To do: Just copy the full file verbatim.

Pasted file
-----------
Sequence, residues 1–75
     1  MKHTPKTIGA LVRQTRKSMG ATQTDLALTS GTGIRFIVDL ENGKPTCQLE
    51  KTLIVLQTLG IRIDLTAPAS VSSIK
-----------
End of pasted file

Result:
Sequence, residues 1–75
     1  MKHTPKTIGA LVRQTRKSMG ATQTDLALTS GTGIRFIVDL ENGKPTCQLE
    51  KTLIVLQTLG IRIDLTAPAS VSSIK